Tag Archives: Ngaio Marsh

Scales Of Justice

A review of Scales of Justice by Ngaio Marsh – 230513

I have struggled at times to see why Ngaio Marsh has earned the reputation as a crime writer that she has but Scales of Justice, the eighteenth in her Roderick Alleyn series and originally published in 1955, is really rather good. It plunders some of the more hackneyed themes of the genre, a picturesque English village, beautiful on the outside but a seething pit of emotions on the inside, a close knit community of the upper classes, a guilty secret or two and something which will rip the cosy community apart.

To this Marsh brings her own stamp, a brutal murder inflicted by a combination of a piece of sporting equipment and the ferrule of a leisure item. She is nothing if not inventive in the way her victims die. This one is Colonel Cartarette who was fishing for trout by the local stream and he had the remains of the river’s largest trout and the source of much (un)healthy rivalry amongst the piscatorial types of the village of Swevenings by his side.

Days earlier, the head of another local family, Sir Harold Lacklander, had on his death bed entrusted Cartarette with overseeing the publication of his memoirs. The rest of the Lacklanders seem less than keen for the memoirs to see the light of day. Was there some revelation in Chapter Seven that would ruin reputations, put another interpretation upon a tragic wartime suicide, and shake the community apart? Were the memoirs the reason that Cartarette was killed?

The early part of the book is delightful, Marsh using Nurse Kettle’s slow peregrination around the village to introduce her principal characters, all eccentric in their own ways. I particularly liked Octavius Danberry-Phinn who lives alone with his cats who have extraordinary names including the delightful Edie Puss. His son, Ludovic, served under Sir Harold in the army and was driven to commit suicide when allegations of collaboration with the Germans emerged.

Another wonderful character is the alcoholic Commander Syce who recklessly practices with his bow and arrows when three sheets to the wind and feigns attacks of lumbago to receive regular visits from the nurse. He too has wartime links with the Lacklander and George Cartarette, to whom he inadvertently introduced Kitty who was to become George’s second wife.

Not only are the families neighbours but they are linked through their military service. To add to the web of connections, Alleyn also served under Lacklander and was there when the Danberry-Phinn scandal blew up. He was specifically called in by Lady Lacklander to solve her husband’s murder because he was one of them. Surprisingly, Scotland Yard agree to put him on the case.

Alleyn with the dutiful Fox in tow works his way through the case, taking a rather unexpected interest in the fish that was by Cartarette’s side and one of Phinn’s cats that seemed from the smell emanating from its mouth to have enjoyed a good meal. There is a touch of the Freeman Wills Crofts as Alleyn works out how the killer blow was administered and once that has been achieved and he understands the significance of fish scales, which allows Marsh to make a clever pun out of the book’s title, the identity of the culprit amongst the several people who were near the river at the time in question becomes clearer.

There is much humour in the book and there are enough red herrings, or should that be trout, to keep the armchair sleuth on their toes. Despite being written in the mid-1950s there is a surprisingly pre-war feel about the story, a sense of nostalgia and wistfulness for a world now lost. One of her better books.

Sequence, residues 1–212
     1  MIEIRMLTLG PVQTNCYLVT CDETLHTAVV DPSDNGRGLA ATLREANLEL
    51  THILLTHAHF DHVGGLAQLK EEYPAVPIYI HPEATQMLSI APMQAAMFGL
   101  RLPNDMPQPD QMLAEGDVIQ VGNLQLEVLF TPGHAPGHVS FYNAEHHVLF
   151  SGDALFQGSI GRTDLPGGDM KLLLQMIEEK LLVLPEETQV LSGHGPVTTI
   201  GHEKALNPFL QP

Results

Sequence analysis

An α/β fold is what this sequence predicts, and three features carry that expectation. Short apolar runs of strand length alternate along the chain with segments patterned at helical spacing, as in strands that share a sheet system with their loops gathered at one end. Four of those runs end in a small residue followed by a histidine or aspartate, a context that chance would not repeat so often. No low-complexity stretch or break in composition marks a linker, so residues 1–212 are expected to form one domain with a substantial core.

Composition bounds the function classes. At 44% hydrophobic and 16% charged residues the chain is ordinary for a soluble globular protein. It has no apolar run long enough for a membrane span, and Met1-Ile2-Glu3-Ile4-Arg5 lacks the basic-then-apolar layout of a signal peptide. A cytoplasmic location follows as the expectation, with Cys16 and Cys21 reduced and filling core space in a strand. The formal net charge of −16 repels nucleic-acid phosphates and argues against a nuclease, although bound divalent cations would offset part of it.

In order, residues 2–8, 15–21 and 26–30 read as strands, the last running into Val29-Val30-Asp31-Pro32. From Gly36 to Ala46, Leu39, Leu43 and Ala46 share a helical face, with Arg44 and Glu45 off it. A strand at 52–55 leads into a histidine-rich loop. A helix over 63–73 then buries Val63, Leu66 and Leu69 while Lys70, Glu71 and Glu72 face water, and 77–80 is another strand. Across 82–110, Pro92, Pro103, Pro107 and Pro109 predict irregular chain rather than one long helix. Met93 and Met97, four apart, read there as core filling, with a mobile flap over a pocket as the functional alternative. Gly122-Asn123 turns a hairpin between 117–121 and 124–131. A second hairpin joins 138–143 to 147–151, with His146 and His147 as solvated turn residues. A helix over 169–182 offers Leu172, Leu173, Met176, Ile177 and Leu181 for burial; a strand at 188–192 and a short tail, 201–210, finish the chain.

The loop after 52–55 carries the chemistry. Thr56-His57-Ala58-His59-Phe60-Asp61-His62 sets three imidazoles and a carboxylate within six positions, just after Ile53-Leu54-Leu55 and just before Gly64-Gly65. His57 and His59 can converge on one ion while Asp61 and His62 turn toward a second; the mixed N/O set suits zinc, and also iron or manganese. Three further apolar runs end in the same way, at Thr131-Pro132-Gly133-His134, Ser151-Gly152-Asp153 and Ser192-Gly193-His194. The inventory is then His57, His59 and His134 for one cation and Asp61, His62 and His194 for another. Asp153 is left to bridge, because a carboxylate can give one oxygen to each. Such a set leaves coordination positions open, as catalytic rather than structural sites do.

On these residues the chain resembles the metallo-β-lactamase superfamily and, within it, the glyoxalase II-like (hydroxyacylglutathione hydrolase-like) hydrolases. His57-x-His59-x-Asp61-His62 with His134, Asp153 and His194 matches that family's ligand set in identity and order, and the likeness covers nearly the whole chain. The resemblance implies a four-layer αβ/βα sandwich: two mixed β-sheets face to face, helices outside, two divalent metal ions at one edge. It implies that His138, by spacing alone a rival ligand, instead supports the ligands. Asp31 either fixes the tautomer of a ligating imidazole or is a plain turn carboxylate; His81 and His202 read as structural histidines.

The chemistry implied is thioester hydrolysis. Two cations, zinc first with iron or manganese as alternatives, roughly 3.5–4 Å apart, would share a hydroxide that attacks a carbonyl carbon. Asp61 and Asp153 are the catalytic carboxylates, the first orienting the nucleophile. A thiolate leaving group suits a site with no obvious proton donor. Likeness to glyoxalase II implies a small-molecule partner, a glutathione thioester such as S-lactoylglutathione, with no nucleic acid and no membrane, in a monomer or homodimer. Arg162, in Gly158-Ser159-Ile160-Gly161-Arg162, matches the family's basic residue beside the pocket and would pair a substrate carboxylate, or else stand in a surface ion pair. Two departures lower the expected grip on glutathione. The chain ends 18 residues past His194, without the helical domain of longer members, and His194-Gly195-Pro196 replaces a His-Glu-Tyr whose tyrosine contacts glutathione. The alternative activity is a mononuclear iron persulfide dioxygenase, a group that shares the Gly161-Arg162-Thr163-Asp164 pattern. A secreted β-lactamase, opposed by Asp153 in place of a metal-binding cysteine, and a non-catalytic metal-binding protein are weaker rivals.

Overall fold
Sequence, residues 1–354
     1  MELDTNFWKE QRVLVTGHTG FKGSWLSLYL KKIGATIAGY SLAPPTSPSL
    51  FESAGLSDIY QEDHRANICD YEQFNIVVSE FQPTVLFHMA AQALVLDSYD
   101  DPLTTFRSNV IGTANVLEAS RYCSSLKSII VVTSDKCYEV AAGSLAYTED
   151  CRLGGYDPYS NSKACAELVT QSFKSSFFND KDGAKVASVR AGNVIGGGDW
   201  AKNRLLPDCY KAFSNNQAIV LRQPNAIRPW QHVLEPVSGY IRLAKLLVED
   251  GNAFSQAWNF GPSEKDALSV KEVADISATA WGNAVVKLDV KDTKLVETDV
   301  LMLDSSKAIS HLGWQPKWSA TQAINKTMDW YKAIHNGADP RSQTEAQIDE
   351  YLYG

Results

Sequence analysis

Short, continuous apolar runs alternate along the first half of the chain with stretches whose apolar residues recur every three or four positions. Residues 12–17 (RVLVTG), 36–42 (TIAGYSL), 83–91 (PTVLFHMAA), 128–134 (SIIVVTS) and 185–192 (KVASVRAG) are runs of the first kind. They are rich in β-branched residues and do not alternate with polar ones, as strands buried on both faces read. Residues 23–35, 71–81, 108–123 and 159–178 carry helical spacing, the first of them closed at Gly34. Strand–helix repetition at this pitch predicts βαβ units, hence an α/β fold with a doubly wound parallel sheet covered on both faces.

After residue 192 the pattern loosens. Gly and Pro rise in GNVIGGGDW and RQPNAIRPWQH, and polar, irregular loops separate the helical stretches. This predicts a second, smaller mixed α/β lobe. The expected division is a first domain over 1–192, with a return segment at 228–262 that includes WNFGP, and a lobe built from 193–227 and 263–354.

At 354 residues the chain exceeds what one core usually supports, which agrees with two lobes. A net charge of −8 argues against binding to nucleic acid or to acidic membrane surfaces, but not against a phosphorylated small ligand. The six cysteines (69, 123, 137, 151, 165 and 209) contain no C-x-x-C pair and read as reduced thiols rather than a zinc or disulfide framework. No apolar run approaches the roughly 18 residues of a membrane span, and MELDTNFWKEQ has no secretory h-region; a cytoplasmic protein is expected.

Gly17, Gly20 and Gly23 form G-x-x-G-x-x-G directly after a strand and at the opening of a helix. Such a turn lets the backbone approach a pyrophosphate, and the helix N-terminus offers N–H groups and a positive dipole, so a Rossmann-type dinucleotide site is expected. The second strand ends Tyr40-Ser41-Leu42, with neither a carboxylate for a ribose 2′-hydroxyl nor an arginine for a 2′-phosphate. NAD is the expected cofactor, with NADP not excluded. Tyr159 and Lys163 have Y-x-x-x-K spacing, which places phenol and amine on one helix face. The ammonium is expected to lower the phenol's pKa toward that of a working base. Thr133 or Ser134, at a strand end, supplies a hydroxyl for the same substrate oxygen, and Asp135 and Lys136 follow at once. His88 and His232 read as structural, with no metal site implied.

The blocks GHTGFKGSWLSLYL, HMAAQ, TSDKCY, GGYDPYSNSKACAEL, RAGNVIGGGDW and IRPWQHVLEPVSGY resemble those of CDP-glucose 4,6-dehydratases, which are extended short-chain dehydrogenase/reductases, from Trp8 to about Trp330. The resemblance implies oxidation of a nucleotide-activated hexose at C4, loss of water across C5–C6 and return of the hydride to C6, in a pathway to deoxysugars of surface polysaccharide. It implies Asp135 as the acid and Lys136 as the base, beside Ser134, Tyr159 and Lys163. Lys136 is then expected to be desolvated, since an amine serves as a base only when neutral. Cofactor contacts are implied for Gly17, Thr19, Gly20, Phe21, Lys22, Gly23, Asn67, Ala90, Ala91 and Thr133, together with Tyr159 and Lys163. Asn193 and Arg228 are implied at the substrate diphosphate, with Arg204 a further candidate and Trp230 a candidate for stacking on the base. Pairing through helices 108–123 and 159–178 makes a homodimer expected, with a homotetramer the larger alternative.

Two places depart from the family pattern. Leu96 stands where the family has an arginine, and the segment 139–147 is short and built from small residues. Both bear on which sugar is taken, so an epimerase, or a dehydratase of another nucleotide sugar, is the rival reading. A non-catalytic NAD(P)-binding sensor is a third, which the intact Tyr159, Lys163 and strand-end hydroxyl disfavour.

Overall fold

Three Sisters Flew Home

A review of Three Sisters Flew Home by Mary Fitt – 230419

Kathleen Freeman, who wrote under three pseudonyms including Mary Fitt, takes us into the leftfield world of crime and mystery fiction occupied by Gladys Mitchell with this novel, originally published in 1936 and reissued by Moonstone Press. Published two years before her first in her Superintendent Mallett series, it would be wrong to categorise it as a murder mystery. Yes, there is a murder, right at the end of the story, and yes, there is a little bit of whodunit and whydunit, if only amongst the suspects who are left to potentially carry the can, but it is more of a study in psychology, of jealousies, tensions, and vendettas.

It takes a little while to realise that Fitt is not going to deliver a conventional murder mystery. The usual suspects are all there; a gathering of people in a house for a New Year’s Eve party, a character who, as the story develops, is revealed to be despised if not hated by all that surround them, and a murder, the victim stabbed with a special dagger. Fitt, though, is much more concerned with building up an atmosphere, of suspense and tension, daring the reader to second guess less what is going to happen but more when and by whom. There is an ethereal, unworldly feel about the book, the sense that some of the characters are not really of this world.

In her day job Freeman was a distinguished Greek scholar and it is inevitable that some of her learning seeps into the book. As a former Classics scholar I did not find the references overtly obscure as some modern readers seem to have done, but it is clear that the story is heavily influenced by Greek tragedy, the sense that something awful is going to happen in accordance with a pre-determined plan that no human intervention can alter. Indeed, the characters are just the puppets of a greater force. The presence of three mysterious sisters who fly away at the end to leave the mere mortals to pick up the pieces is reminiscent of the Moirai, the Fates in Greek mythology who determined human destiny and the time allotted on this Earth.

The party is held by a society sculptress, Claribel, and she has scored something of a coup by inviting three mysterious young sisters, about whom and their earlier interaction with their hostess we learn more as the story develops. The elder two each have a valuable dagger, one of which Lucy gives to a fellow guest, Marcus Praed, who promptly loses it when Claribel throws it out of the window during the quarrel. Inevitably, it is this dagger that is the murder weapon.